Riboflavin is stable in ordinary cooking, unless the food is exposed to ultraviolet radiation (sunlight).
To prevent riboflavin loss, foods rich in riboflavin - milk, milk products, and cereals are packed in opaque containers.
Riboflavin is a component of two coenzymes—flavin mononucleotide (FMN) and flavin adenine dinucleotide (FAD)—that act as hydrogen carriers when carbohydrates and fats are metabolized used to produce energy.
Riboflavin is helpful in maintaining good vision and healthy hair, skin and nails, and is also necessary for normal cell growth.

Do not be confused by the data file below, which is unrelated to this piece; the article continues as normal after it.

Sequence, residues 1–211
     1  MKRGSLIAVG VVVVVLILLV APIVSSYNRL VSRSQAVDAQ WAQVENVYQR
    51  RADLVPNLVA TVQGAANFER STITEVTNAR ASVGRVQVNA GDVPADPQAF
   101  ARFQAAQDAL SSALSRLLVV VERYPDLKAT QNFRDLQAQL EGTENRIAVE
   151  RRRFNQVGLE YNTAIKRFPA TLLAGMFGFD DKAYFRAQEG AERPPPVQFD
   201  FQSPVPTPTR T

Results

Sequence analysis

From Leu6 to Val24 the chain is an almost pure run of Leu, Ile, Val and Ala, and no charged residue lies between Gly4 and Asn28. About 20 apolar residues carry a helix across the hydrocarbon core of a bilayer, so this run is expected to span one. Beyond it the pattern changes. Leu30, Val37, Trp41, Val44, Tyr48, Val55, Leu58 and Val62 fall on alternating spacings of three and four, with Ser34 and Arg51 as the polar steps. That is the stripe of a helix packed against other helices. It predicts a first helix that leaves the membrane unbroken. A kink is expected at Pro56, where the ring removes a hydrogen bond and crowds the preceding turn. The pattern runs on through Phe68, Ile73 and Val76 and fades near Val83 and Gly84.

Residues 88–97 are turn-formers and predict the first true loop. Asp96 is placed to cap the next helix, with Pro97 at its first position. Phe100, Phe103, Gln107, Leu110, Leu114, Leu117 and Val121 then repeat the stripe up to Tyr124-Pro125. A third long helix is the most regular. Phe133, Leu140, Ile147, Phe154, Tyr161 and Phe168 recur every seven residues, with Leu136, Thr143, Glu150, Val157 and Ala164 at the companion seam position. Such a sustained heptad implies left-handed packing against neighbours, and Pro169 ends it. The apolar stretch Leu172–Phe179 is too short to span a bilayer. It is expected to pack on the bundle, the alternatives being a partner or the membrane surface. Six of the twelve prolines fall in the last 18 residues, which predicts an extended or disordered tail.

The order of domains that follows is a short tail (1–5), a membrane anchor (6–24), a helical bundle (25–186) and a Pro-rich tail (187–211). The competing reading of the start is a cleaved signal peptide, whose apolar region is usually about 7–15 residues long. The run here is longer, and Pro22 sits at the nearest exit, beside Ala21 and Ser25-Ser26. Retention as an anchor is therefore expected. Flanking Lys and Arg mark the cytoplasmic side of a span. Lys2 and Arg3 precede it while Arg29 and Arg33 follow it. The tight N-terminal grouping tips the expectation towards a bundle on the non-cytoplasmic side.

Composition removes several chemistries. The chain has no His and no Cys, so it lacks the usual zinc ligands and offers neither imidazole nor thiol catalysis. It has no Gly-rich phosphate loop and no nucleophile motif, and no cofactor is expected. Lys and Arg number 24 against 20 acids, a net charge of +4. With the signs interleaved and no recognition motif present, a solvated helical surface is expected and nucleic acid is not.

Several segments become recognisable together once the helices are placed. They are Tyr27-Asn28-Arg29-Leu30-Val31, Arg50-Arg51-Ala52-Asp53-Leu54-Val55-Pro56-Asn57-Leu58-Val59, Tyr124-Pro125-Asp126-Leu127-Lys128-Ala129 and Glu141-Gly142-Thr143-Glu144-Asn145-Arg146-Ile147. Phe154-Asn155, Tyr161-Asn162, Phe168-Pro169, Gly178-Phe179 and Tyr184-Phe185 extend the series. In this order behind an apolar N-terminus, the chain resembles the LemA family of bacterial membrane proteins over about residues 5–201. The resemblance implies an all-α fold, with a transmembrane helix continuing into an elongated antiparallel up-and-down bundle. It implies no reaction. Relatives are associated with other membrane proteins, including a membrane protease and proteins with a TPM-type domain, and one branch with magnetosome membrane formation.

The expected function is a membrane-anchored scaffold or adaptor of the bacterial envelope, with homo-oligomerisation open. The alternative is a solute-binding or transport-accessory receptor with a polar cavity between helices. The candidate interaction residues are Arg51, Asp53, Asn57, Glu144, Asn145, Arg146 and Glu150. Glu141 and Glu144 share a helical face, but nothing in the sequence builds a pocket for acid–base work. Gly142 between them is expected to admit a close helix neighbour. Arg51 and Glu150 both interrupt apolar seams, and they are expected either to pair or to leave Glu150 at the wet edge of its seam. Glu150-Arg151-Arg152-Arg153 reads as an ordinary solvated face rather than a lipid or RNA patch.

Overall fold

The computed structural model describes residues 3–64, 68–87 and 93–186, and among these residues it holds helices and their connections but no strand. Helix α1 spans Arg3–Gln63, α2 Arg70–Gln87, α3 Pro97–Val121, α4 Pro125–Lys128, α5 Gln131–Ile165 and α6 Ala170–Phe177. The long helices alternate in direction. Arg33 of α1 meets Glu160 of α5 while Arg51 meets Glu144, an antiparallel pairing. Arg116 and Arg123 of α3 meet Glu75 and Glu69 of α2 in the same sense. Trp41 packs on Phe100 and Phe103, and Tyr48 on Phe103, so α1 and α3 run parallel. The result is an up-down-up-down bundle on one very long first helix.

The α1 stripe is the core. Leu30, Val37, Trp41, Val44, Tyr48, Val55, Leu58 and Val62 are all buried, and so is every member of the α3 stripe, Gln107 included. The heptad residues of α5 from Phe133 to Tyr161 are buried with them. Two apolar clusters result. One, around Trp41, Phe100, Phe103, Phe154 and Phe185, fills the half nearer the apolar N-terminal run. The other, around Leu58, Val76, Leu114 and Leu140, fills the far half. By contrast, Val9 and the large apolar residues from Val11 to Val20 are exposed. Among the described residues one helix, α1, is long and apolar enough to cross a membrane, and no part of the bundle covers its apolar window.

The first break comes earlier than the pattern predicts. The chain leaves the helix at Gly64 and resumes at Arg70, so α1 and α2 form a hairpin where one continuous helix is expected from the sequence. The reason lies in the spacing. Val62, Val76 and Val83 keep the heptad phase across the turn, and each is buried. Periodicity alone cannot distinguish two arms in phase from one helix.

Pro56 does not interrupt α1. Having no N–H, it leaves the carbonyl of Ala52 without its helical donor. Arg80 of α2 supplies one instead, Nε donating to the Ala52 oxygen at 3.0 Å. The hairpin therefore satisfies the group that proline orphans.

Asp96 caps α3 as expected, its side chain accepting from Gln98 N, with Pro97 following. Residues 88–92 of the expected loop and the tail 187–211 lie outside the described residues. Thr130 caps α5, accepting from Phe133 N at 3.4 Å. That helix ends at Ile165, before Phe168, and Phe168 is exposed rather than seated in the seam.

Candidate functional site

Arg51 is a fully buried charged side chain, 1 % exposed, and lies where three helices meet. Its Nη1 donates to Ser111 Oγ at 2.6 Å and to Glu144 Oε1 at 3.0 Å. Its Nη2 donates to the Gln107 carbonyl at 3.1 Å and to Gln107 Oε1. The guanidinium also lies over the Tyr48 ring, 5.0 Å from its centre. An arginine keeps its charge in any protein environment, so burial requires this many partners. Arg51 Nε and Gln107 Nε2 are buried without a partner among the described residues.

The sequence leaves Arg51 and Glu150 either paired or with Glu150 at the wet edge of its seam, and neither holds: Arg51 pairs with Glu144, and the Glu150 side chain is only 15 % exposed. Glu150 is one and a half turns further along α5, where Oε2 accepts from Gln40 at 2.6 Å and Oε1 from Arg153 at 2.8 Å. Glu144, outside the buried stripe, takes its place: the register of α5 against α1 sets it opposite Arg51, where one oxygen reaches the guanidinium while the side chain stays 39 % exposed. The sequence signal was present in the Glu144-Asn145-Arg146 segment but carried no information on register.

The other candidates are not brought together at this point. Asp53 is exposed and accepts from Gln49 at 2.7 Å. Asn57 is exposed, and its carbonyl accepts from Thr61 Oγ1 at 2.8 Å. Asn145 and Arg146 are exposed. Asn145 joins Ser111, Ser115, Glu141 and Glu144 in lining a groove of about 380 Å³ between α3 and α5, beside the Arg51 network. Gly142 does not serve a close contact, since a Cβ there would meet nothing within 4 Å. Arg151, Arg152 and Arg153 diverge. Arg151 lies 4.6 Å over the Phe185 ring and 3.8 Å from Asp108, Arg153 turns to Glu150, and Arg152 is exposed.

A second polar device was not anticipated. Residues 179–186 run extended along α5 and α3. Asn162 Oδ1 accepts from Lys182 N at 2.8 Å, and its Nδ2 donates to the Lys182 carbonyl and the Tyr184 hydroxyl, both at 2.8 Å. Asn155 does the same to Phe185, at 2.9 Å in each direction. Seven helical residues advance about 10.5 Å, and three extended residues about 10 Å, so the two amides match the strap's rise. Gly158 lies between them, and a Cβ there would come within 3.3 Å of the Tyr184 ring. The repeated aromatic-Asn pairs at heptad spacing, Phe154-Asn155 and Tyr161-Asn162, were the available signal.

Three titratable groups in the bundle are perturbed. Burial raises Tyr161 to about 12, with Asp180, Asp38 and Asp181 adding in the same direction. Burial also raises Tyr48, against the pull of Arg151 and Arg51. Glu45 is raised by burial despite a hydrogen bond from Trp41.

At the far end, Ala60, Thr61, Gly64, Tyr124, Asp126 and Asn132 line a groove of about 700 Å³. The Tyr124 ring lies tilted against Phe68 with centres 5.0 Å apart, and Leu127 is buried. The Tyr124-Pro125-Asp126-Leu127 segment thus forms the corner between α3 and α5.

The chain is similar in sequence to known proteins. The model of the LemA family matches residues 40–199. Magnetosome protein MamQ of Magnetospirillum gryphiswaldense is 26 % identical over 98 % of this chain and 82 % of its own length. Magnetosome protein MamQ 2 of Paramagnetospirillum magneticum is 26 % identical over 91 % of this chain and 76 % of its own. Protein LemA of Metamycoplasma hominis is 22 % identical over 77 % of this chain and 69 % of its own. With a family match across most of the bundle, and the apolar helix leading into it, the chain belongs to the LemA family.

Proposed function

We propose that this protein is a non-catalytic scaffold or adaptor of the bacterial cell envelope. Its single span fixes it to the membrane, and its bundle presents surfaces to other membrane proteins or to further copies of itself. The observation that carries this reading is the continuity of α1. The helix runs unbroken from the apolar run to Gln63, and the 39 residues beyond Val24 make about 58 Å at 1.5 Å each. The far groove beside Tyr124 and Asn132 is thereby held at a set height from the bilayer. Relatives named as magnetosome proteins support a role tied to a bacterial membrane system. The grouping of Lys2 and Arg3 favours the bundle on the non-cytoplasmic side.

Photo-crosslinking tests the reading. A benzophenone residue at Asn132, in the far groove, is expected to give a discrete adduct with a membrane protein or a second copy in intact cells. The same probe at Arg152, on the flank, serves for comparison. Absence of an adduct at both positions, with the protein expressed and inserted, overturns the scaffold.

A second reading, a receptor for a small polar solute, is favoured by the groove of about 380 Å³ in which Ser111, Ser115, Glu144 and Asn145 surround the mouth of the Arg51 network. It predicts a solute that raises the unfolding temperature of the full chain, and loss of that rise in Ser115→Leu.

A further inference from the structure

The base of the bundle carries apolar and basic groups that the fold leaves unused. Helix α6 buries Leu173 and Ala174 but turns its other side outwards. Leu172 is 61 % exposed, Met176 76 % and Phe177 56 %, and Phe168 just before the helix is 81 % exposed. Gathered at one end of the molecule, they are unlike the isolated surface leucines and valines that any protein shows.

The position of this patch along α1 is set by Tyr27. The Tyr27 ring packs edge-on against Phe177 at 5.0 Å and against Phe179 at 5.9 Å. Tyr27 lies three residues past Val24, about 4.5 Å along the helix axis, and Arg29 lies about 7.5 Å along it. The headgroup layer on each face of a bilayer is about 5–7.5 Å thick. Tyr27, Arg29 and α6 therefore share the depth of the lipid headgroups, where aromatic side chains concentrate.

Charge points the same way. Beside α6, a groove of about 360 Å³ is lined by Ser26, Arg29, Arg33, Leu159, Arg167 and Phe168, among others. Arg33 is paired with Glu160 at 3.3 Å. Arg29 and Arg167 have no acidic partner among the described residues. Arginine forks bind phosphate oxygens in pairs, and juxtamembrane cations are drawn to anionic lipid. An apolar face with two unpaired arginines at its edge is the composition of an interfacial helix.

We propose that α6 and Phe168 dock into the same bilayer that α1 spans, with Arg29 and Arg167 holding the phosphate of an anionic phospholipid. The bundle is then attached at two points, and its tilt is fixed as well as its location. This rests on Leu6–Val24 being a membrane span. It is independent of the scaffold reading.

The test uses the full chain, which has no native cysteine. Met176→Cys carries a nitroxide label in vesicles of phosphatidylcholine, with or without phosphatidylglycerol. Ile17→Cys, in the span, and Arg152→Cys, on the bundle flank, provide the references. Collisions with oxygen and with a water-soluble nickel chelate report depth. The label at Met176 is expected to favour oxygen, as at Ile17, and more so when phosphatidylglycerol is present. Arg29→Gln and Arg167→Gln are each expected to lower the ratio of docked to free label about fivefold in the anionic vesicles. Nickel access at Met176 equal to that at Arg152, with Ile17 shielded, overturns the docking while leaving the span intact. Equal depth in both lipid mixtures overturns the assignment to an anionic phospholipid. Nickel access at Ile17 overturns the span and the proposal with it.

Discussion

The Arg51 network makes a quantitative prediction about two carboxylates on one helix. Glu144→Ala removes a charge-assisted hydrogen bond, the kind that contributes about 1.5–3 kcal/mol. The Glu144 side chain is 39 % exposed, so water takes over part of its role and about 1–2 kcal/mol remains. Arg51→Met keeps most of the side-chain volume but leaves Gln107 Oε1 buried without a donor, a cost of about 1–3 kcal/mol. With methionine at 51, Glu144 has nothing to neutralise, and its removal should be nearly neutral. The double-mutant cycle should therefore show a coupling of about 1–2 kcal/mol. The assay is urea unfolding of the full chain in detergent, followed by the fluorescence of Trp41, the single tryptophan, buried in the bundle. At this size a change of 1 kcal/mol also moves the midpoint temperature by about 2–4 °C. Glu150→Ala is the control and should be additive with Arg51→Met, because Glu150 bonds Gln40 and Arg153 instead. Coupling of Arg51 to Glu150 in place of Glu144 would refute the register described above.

Riboflavin is absorbed from the small intestines through the portal vein and passed on to all tissues by the general circulation. Excess riboflavin ingested is not stored in the body. A major part is excreted in urine and a small part is broken down in the tissues.